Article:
Dawn after a dark night
At the same time, Britt’s surgical regimen was difficult and discouraging. He reached a low point in 2014, when he spent a month in the hospital recovering from the surgeries. It was a time he describes as “a dark night of the soul.”
But his friends came through, including the Mandolin Orange duo of Emily Franz (who he has known since high school) and Andrew Marlin. Britt cites their support and encouragement as the reason why he’s still alive and playing music.
“After so many falls and stumbles, I felt out of the game,” Britt said. “Just done, tired of fighting, and it was awful. If not for them coming to see me, being encouraging and just there...I don’t think I’d still be playing. It was something to live for, to keep going.”
Part of that encouragement was Britt’s own album. Marlin was instrumental in making it happen, starting with the ultimatum he delivered: “It’s now or never.”
Marlin served as co-producer and gathered together a collection of like-minded players for “Alaya.” It’s a lovely 11-song album that shows off the Irish influence that Britt picked up at Berklee.
“Bobby has such a fluid bow technique, I think that Irish sound is an extension of what you already hear with him,” Marlin said. “There’s a lot of awkward bowing out there. But with him, it’s just air, which really lends itself to Irish music. Something about it feels light and bouncy.”
Marlin and Franz are both part of the supporting cast. So is their compatriot Josh Oliver, whose raw gospel take on “When I Die, I’ll Live Again” is a highlight.
But Britt’s loping fiddle is the true star, top dead center in every song with just the right flourishes and accents. Every detail is pretty much perfect, even the album title. “Alaya” is a Sanskrit word with multiple meanings, all of which seem appropriate.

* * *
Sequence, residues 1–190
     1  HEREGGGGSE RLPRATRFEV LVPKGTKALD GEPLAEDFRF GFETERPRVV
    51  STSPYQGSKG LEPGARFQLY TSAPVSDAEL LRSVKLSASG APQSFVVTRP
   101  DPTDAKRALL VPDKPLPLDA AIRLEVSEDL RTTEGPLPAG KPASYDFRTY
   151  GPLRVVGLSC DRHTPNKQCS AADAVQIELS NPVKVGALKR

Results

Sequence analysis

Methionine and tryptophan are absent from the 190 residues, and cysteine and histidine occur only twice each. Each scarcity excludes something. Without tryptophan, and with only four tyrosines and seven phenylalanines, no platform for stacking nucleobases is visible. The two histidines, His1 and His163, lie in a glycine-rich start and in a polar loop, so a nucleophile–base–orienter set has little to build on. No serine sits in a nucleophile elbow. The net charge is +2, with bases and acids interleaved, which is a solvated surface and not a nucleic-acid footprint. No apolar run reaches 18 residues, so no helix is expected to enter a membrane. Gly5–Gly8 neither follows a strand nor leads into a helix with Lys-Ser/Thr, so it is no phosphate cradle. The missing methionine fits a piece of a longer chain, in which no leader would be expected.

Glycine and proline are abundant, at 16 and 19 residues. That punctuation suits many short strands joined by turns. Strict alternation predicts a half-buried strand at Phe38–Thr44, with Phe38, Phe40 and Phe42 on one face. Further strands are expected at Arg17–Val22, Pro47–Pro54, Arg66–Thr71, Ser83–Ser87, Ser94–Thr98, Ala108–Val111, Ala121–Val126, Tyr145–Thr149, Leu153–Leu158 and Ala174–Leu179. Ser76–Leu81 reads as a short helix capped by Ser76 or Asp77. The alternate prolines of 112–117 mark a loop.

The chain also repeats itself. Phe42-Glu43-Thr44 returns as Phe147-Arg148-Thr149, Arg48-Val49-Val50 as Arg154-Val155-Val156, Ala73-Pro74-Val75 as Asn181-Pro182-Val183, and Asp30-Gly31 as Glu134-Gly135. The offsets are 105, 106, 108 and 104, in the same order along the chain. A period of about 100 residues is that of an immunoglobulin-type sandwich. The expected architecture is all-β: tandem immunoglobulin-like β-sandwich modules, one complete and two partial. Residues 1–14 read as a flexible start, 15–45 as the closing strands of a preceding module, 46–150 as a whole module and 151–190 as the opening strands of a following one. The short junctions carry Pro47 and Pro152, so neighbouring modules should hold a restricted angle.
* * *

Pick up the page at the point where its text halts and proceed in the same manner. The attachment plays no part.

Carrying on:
“It means resting place, as well as storehouse of consciousness, which is a Buddhist concept,” Britt said. “Cautiousness is a state prior to any craving or aversion, a state of peace and contentment where you’re not staying away from or grasping at something. Just where you’re at.”
It’s a good place to be.
When: Bobby Britt will perform with Town Mountain during the free Wide Open Bluegrass street festival, 9:45 p.m. Friday, Sept. 28, on the Hargett Street Stage.
He also will play at 5:30 p.m. Saturday, Sept. 29, with “Chatham County Line & Friends” as part of Wide Open Bluegrass at Red Amphitheater.
The Wide Open Bluegrass lineup Saturday starts at 2 p.m. and also features Volume Five, Laurie Lewis & Friends, The Gibson Brothers, Ricky Skaggs & Kentucky Thunder with Patty Loveless and Leftover Salmon featuring Sam Bush and John Cowan.
Tickets: The Red Hat set is part of the ticketed Wide Open Bluegrass. Shows are Friday and Saturday. Single-day tickets start at $50 for IBMA members, $60 for the general public. Two-day passes start at $80 for IBMA members and $100 for nonmembers. Children 12 and younger free with paying adults (general admission.)